Wingspan: 7-11 mm (Heppner, 2020)
Adult Structural Features: Heppner (2020) has descriptions and illustrations of the male and female genitalia.
Adult ID Requirements: Identifiable from good quality photos of unworn specimens.
Immatures and Development: The larvae skeletonize the leaves of skullcaps (Scutellaria spp.) and often feed beneath a leaf fold. Pupation occurs in a fusiform, multi-layered cocoon of white silk. There are two or more generations per year (Heppner, 2020; microleps.org).
Distribution in North Carolina
Distribution: Prochoreutis inflatella is found in eastern North America and northeastern Mexico. The range includes southern Canada (Manitoba; Ontario; Quebec) and much of the eastern US from Maine southward to northern Florida, and westward to eastern Texas, Oklahoma, Iowa, eastern Nebraska, and Minnesota. An apparent disjunct occurs in Colorado. As of 2020, our records are mostly from the Piedmont, with a few scattered records from the Coastal Plain and lower elevations in the mountains.
County Map: Clicking on a county returns the records for the species in that county.
Flight Dates:
 High Mountains (HM) ≥ 4,000 ft.
 Low Mountains (LM) < 4,000 ft.
 Piedmont (Pd)
 Coastal Plain (CP)

Click on graph to enlarge
Flight Comments: Adults have been recorded from February through November in areas outside of North Carolina, with a seasonal peak from May through September. As of 2020, our records extend from mid-April through early October. Local populations appear to have two or more broods per year in the Coastal Plain and Piedmont, but only one in the mountains.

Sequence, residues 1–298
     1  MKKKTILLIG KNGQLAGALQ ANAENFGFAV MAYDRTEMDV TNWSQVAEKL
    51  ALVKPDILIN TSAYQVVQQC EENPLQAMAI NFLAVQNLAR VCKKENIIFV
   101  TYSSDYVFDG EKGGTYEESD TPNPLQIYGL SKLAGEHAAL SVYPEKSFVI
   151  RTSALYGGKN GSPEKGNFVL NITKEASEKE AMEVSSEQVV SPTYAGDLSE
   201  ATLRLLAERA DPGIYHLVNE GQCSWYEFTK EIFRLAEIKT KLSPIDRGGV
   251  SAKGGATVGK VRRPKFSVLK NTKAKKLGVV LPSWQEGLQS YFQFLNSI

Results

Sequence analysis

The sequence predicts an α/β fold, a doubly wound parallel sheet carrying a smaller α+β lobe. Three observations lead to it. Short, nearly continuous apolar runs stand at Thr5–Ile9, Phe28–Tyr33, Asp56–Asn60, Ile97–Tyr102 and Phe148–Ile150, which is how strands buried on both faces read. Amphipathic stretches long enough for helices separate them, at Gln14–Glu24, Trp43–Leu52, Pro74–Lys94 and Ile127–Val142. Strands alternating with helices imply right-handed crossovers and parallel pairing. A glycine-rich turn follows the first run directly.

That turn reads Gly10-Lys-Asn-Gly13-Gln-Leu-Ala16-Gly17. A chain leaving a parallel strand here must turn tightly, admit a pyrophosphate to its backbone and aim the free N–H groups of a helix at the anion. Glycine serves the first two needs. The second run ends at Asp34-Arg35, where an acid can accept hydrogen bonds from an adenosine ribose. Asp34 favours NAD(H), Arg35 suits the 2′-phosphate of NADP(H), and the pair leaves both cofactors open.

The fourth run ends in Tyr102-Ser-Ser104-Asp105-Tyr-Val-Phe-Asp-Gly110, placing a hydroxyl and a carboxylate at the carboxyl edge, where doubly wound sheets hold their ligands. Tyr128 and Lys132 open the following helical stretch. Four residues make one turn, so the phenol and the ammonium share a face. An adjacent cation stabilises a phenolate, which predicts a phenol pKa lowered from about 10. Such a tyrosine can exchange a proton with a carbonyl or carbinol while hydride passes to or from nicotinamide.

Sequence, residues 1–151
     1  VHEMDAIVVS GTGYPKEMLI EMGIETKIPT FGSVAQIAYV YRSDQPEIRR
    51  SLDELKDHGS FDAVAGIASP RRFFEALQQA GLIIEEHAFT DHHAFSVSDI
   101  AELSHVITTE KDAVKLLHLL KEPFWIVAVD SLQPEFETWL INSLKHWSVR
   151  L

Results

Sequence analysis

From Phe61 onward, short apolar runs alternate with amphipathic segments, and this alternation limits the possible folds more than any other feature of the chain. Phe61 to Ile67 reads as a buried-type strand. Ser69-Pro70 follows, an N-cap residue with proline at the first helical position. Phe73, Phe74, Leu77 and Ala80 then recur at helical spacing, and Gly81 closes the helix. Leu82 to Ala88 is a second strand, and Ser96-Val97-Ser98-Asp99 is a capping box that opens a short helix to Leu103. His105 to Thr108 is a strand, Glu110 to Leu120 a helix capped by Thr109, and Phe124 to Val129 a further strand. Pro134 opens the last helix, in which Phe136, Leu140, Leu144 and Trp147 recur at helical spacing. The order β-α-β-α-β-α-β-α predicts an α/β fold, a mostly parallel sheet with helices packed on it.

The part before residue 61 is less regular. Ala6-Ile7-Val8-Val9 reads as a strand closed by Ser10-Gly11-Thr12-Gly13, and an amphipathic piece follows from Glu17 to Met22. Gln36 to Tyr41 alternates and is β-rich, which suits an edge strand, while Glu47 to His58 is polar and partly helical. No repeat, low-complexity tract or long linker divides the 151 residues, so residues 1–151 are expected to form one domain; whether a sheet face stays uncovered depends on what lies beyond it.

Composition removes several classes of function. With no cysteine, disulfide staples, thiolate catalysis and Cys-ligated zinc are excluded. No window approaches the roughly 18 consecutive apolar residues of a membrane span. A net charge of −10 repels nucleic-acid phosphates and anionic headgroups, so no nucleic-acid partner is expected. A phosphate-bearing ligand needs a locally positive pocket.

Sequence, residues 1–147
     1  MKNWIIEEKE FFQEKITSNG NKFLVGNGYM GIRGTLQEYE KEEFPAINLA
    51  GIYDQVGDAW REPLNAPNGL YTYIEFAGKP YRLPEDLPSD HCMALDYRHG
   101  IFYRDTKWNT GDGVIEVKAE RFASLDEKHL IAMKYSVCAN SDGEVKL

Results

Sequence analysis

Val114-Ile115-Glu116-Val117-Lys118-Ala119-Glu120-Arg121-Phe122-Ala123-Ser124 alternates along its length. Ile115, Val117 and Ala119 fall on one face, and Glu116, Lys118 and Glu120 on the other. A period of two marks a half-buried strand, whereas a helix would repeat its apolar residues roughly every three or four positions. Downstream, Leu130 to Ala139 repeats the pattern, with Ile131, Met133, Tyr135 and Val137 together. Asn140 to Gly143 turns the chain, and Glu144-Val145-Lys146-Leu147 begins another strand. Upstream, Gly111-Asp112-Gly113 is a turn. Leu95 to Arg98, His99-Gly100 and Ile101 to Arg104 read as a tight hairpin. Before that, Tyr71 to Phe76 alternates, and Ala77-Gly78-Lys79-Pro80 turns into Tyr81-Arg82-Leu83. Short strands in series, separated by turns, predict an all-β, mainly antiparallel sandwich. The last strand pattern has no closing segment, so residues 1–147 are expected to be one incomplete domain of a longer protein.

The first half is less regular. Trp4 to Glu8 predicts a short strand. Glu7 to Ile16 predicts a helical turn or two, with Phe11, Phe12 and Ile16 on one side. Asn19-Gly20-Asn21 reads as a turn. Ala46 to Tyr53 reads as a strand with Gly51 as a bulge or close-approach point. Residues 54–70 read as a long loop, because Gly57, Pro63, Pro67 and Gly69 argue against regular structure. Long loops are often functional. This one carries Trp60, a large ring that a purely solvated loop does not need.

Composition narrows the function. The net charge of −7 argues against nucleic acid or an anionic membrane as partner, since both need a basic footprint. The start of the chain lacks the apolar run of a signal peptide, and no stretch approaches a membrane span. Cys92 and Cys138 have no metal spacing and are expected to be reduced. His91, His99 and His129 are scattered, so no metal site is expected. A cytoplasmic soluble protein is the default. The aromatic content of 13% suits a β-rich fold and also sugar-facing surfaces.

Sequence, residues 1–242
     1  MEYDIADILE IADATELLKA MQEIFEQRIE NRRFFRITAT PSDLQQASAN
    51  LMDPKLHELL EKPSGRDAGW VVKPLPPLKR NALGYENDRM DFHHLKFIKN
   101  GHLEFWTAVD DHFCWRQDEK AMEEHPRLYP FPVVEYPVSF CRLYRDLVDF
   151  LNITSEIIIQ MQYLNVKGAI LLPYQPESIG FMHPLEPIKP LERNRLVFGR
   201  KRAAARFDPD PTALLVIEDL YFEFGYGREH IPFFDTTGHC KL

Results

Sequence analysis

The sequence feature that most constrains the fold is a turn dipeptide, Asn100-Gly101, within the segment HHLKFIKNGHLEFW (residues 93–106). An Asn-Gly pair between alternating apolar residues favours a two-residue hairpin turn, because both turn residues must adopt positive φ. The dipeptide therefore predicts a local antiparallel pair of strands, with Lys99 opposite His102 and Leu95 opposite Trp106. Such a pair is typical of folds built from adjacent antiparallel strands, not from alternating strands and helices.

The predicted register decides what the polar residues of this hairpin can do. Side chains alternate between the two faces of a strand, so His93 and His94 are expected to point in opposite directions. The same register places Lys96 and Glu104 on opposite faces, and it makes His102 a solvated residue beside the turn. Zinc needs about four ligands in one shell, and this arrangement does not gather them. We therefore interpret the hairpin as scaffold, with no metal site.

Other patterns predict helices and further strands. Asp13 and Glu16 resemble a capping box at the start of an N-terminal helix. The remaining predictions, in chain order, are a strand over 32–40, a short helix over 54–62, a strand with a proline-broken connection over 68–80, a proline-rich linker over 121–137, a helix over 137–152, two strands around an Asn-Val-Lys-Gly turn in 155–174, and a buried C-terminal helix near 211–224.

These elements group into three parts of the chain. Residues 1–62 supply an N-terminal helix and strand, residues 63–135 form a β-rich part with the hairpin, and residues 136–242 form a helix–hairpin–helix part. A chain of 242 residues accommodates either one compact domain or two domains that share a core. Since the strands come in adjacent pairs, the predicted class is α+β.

Habitats and Life History
Habitats: Populations are dependent on species of skullcaps. One of the known host is a wetland species, but other species that grow in woodland settings are likely used.
Larval Host Plants: Larvae are skeletonizers of Skullcaps (Scutellaria). The known hosts include Marsh Skullcap (S. galericulata) at northern latitudes (probably extirpated in North Carolina), and Mad-dog Skullcap (S. lateriflora), which is widespread in North Carolina. Many of our records are from sites that do not support S. lateriflora, which suggests that other Scutellaria are also used. Terry Harrison (microleps.org) reported that the larvae use woodland species of skullcaps in Illinois.
Observation Methods: The adults occasionally visit lights, but are most often spotted either resting on leaves or nectaring on flowers during the day.
Wikipedia